Wednesday, 17 November 2010

Beatles on iTunes: the Price is Wrong

Something for you to think about . . .

The Beatles' 'red' and 'blue' compilations have recently been reissued as 2-CD remasters. They're selling for £9.99 in stores (if you can find a store) and £7.99 on Amazon. But as album packages, they cost £17.99 EACH from iTunes. For that price, you can buy a special presentation set of both releases from Amazon.

It's the same story with the individual albums: £9.99 for physical CDs, £7.99 on Amazon, and £10.99 as downloads.

I'm not surprised about the 'red' and 'blue' sets, as they've been the focus of corporate greed ever since they first appeared on CD, at something like £30 for each (very short) 2-CD package. Last year, they were generously reduced to £23.99 each. And then the remastered editions arrive, in super-improved quality, at less than half the price. Very strange.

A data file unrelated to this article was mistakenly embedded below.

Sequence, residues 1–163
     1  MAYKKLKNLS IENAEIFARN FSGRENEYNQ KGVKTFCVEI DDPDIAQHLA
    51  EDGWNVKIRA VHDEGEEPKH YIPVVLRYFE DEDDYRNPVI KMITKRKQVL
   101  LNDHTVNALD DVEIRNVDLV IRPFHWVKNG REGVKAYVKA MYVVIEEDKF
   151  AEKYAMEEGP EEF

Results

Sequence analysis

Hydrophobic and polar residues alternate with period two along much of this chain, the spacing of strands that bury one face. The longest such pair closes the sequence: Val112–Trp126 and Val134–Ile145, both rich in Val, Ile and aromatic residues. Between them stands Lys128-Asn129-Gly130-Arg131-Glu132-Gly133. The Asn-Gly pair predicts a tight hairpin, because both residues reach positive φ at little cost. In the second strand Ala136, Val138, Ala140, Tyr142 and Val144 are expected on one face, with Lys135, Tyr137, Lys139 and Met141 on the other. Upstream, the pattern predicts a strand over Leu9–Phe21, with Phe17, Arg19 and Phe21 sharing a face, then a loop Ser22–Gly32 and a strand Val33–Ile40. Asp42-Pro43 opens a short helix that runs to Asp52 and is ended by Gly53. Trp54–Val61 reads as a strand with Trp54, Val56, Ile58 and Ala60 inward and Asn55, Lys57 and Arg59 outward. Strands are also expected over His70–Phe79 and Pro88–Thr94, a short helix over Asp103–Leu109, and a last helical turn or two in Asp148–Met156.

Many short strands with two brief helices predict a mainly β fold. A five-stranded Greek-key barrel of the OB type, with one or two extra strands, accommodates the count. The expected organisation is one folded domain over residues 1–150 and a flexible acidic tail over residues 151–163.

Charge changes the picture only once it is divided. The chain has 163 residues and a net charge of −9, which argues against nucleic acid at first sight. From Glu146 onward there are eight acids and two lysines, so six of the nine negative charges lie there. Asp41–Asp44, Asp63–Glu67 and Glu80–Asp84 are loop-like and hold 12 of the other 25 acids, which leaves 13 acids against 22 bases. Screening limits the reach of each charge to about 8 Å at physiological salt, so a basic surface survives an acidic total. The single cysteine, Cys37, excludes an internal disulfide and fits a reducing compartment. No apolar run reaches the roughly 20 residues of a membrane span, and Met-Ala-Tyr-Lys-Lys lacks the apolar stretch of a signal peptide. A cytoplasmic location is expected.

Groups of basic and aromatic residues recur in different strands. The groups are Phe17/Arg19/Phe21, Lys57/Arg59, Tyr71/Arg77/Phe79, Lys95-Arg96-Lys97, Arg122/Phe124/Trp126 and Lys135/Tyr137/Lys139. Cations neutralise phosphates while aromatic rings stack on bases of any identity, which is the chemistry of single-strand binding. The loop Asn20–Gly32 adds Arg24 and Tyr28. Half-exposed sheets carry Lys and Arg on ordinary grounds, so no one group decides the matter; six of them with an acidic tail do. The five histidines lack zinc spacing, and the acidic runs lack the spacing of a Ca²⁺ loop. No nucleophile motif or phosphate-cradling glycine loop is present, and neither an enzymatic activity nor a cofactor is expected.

But this whole pricing conundrum raises the question of why anyone is buying (for example) Sgt. Pepper direct from iTunes, when they could buy the CD for three pounds less, burn it onto their computer, transfer it to their iPod, and then still have the CD to keep or give to a friend. I'm not criticising iTunes, whose take from download sales is (I am reliably informed) only around 4% of the retail price. But it does make you think about the madness of the music business (2010 model) and the power of the Beatles' name.

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